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Unformatted text preview: ple inter-State comparison of taxes, as a result of the wide diversity of tax bases and
scales (for a comprehensive comparison see NSW Treasury, 1996 and 2000). However the following points illustrate
major differences between taxes affected either directly or indirectly (through RRPs) by the IGA arrangements:
♦ All States except Queensland imposed business franchise fees on petrol;
All States except Queensland imposed business franchise fees on tobacco;
Tasmania and the Northern Territory imposed lower rates of debits tax than the other States;
All States except Queensland imposed FID;
Only NSW and the Northern Territory imposed accommodation levies (bed taxes). The differences in State tax rates and bases ultimately result in differences in taxation per mean head of population,
which are presented in Table 13. 126 Commission on Fiscal Imbalance TABLE 13
STATE AND LOCAL TAXES PER HEAD OF MEAN POPULATION
1992-93 99-2000 NSW
2,337 Queensland 1,243 1,742 W. Australia 1,414 2,150 S. Australia 1,399 2,149 Tasmania 1,346 1,803 ACT 1,529 2,005 NT 1,207 2,220 Source: Australian Bureau of Statistics, catalogue number 5506.0, Table 2. Table 14 compares the 1999-2000 ranking of per capita taxation (1=highest) with the ranking of the length of the
transitional periods before GST revenue break-even occurs (1=longest period).
STATE PER CAPITA TAX AND BREAK-EVEN PERIOD RANKINGS Per capita tax ranking (1999-2000)
3 Break-even period ranking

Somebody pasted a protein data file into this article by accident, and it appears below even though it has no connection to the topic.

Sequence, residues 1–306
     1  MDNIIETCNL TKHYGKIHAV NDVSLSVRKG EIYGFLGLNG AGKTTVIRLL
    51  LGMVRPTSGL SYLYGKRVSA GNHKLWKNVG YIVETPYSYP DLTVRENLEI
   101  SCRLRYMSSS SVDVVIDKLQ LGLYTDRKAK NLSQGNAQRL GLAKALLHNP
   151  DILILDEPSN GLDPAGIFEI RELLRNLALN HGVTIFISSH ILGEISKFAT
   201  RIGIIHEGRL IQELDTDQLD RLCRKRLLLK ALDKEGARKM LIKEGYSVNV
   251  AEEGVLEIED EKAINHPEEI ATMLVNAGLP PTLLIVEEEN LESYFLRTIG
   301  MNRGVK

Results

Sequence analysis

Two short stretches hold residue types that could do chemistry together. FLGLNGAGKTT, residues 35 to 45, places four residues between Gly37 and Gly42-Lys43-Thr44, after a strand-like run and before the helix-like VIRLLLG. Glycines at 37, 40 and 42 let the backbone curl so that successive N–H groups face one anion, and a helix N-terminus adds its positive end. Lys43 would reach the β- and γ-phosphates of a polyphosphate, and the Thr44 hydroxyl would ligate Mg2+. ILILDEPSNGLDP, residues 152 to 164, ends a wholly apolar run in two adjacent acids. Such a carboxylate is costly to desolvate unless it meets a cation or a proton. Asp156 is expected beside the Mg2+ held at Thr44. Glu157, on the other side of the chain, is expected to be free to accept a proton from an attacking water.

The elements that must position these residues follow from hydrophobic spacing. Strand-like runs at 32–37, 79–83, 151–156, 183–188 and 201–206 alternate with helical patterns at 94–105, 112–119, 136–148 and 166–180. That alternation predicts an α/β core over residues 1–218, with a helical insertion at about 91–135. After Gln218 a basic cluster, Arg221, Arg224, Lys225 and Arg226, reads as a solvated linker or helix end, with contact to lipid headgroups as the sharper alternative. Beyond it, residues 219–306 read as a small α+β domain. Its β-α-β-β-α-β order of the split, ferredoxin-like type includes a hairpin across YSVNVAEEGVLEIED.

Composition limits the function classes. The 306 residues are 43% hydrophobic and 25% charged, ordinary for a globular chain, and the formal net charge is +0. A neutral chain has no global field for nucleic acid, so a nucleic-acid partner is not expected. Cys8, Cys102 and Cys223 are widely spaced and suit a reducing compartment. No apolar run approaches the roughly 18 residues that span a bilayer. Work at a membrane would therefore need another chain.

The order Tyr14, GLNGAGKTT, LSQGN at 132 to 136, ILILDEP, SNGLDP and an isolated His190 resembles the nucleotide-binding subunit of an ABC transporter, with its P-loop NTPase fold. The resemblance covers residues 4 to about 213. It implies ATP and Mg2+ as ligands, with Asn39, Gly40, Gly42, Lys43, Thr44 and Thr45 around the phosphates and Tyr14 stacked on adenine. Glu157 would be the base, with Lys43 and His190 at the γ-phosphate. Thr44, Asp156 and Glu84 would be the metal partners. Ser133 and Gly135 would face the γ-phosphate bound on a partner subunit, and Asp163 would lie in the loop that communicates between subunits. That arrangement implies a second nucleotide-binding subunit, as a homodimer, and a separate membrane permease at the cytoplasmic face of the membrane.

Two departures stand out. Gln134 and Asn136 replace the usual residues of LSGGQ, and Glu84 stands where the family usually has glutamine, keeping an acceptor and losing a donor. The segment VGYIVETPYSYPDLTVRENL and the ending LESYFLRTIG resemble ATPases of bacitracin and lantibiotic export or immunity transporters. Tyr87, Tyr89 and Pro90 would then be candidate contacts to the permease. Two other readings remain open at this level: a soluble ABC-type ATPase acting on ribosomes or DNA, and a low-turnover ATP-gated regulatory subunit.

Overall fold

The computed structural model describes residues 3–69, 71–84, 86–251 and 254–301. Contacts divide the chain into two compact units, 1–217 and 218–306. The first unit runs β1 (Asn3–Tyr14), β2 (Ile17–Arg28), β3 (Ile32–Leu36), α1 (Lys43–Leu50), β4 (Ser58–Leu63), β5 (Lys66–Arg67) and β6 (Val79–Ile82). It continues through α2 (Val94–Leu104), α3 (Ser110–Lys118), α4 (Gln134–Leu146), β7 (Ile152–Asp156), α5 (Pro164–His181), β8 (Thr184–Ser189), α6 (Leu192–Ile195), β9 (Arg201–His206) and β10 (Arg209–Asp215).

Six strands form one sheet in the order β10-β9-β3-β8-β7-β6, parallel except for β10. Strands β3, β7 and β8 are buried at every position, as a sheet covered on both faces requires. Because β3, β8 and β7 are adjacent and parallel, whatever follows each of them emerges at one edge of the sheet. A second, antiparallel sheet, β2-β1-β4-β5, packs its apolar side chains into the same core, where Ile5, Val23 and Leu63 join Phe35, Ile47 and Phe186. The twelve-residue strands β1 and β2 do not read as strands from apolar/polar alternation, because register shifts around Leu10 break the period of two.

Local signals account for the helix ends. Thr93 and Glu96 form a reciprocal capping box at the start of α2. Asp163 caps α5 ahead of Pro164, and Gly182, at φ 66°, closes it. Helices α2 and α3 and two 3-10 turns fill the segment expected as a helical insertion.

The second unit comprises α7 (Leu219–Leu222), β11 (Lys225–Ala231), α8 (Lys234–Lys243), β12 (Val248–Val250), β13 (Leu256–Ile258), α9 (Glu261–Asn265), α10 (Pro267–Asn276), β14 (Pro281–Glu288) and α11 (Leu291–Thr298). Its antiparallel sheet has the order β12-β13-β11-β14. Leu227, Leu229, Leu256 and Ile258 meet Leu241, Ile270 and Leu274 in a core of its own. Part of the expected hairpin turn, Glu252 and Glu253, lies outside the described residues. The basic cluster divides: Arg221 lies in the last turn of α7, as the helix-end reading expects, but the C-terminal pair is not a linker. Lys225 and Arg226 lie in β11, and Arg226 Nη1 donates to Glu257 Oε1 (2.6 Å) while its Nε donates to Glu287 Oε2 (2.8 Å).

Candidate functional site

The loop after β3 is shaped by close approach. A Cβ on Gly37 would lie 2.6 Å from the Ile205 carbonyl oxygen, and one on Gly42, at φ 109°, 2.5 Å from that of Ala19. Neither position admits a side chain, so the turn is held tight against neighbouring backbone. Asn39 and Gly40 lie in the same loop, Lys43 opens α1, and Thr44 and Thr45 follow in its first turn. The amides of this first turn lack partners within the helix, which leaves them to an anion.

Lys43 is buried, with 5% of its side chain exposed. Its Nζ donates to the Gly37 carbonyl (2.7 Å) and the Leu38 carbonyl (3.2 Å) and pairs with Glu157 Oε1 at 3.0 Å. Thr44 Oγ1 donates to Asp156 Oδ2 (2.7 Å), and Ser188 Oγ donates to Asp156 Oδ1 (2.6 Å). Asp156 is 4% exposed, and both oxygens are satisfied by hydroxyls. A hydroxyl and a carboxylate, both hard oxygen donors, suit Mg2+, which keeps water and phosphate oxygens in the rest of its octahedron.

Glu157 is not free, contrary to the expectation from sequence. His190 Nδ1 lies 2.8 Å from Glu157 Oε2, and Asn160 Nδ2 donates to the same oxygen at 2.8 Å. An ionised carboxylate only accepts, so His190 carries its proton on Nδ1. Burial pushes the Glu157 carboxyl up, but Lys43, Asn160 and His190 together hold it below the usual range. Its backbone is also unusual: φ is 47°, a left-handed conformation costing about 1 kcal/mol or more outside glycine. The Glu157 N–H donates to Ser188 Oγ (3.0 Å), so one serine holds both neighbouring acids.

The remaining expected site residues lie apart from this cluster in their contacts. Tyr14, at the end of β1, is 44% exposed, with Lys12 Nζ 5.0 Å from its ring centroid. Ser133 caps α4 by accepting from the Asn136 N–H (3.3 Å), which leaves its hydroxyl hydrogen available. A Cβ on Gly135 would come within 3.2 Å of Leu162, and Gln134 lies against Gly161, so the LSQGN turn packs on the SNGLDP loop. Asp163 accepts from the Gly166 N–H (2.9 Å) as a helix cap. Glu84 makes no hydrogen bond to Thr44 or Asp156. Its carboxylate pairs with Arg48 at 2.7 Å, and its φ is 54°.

(1=long) 1 (equal)
5 (equal) Sources: Tables 12 and 13. The above Table clearly illustrates the strong association between high per capita taxes and long break-even periods.
Returning to Table 12, the final five rows indicate how, during the transitional period, the distribution of excess GST
revenue is biased in favour of low tax jurisdictions. Whether measured in undiscounted or present value terms,
Queensland accounts for about 60% of all-States excess revenue. The 2000-01 present value of excess revenue
represents $422 per capita in Queensland and only $11 per capita in NSW.
In all, the transitional process involves very significant redistributive benefits to some States. It is not clear whether this is
a deliberate effect or an unintended consequence. Certainly it would have been possible to design a policy under which
the benefits were more equitably distributed between the States. If the States believe that further taxes will be abolished
in 2005, as foreshadowed in the IGA, they would be well advised to design their tax strategy to minimise the break-even
period in the new transitional period. This could be achieved by the prior abolition of taxes slated for possible abolition in
2005. Victoria already appears to be heading down this path with the announcement in its 2001-02 budget of the
abolition in the next three years of some further business stamp duties.
One of the major benefits cl...
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